Detection, segmentation and classification of nuclei are fundamental analysis operations in digital pathology. Existing state-of-the-art approaches demand extensive amounts of supervised training data from pathologists and may still perform poorly in images from unseen tissue types. We propose an unsupervised approach for histopathology image segmentation that synthesizes heterogeneous sets of training image patches, of every tissue type. Although our synthetic patches are not always of high quality, we harness the motley crew of generated samples through a generally applicable importance sampling method.
This proposed approach, for the first time, re-weighs the training loss over synthetic data so that the ideal (unbiased) generalization loss over the true data distribution is minimized. This enables us to use a random polygon generator to synthesize approximate cellular structures (i.e., nuclear masks) for which no real examples are given in many tissue types, and hence, GAN-based methods are not suited. In addition, we propose a hybrid synthesis pipeline that utilizes textures in real histopathology patches and GAN models, to tackle heterogeneity in tissue textures. Compared with existing state-of-the-art supervised models, our approach generalizes significantly better on cancer types without training data. Even in cancer types with training data, our approach achieves the same performance without supervision cost.
In this dataset we release code and nucleus segmentations in whole slide tissue images with quality control results for over 5000 Whole Slide Images (WSI) in The Cancer Genome Atlas (TCGA) repository. There are two subsets of data: (1) automatic nucleus segmentation data of 5,060 whole slide tissue images of 10 cancer types, with quality control results, and (2) manual nucleus segmentation data of 1,356 image patches from the same 10 cancer types plus additional 4 cancer types.
These 5,060 Whole Slide Images (WSIs) are from the following 10 cancer types:
BLCA Bladder urothelial carcinoma
BRCA Breast invasive carcinoma
CESC Cervical squamous cell carcinoma and endocervical adenocarcinoma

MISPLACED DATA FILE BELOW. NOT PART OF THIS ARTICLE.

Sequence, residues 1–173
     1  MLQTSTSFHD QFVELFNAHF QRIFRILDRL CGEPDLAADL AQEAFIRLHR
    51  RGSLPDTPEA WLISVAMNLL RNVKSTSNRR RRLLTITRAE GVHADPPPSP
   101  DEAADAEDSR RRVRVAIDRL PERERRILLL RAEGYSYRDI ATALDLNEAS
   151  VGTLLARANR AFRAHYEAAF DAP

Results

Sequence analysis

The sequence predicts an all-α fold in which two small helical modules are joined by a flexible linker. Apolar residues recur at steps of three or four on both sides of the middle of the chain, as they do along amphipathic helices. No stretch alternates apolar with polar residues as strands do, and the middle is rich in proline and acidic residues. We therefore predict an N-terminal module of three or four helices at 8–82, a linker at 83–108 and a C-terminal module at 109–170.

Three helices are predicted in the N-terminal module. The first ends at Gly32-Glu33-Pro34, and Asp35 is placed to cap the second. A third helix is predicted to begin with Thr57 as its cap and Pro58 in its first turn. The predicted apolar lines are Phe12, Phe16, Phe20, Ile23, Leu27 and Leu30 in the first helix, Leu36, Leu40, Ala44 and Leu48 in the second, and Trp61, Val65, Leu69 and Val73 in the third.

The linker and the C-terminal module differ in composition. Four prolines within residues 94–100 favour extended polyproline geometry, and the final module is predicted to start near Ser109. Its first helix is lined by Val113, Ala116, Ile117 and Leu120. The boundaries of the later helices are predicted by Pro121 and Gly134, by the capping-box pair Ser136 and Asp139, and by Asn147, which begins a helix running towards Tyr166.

GBM Glioblastoma Multiforme
LUAD Lung adenocarcinoma
LUSC Lung squamous cell carcinoma
PAAD Pancreatic adenocarcinoma
PRAD Prostate adenocarcinoma
SKCM Skin Cutaneous Melanoma
UCEC Uterine Corpus Endometrial Carcinoma
Note that you can also download segmentation data of following 4 cancer types, although they are not officially verified or released.
COAD Colon adenocarcinoma
READ Rectal adenocarcinoma
STAD Stomach adenocarcinoma
UVM Uveal Melanoma
|Data Type||Download all or Query/Filter|
|Tissue Slide Segmentation Results (1,200 GB)|
|List of histopathology slides (TXT, )|
|Whole slide image-level quality control results (TXT, 151.4 KB)|
|Segmentation region checking results (TXT, 169.4 KB)|
Click the Versions tab for more info about data releases.
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Collections Used in this Third Party Analysis
Below is a list of the Collections used in these analyses:
Additional visual segmentation data can be found on PathDB
Manual nucleus segmentation data of 1,356 patches
These 1,356 patches are randomly extracted from all 14 cancer types mentioned above. This data contains original H&E stained histopathology image patches, and instance-level segmentation masks. Additional information is in the readme.docx file.
Citations & Data Usage Policy
Users of this data must abide by the TCIA Data Usage Policy and the Creative Commons Attribution 3.0 Unported License under which it has been published. Attribution should include references to the following citations:
Hou, L., Gupta, R., Van Arnam, J. S., Zhang, Y., Sivalenka, K., Samaras, D., Kurc, T., & Saltz, J. H. (2019). Dataset of Segmented Nuclei in Hematoxylin and Eosin Stained Histopathology Images of 10 Cancer Types [Data set]. The Cancer Imaging Archive. https://doi.org/10.7937/TCIA.2019.4A4DKP9U
Hou, L., Agarwal, A., Samaras, D., Kurc, T. M., Gupta, R. R., & Saltz, J. H. (2019, June). Robust Histopathology Image Analysis: To Label or to Synthesize? 2019 IEEE/CVF Conference on Computer Vision and Pattern Recognition (CVPR). In Proceedings of the IEEE Conference on Computer Vision and Pattern Recognition , pp. 8533-8542. https://doi.org/10.1109/cvpr.2019.00873 Open Access Here
Clark, K., Vendt, B., Smith, K., Freymann, J., Kirby, J., Koppel, P., Moore, S., Phillips, S., Maffitt, D., Pringle, M., Tarbox, L., & Prior, F. (2013). The Cancer Imaging Archive (TCIA): Maintaining and Operating a Public Information Repository. Journal of Digital Imaging, 26(6), 1045–1057. https://doi.org/10.1007/s10278-013-9622-7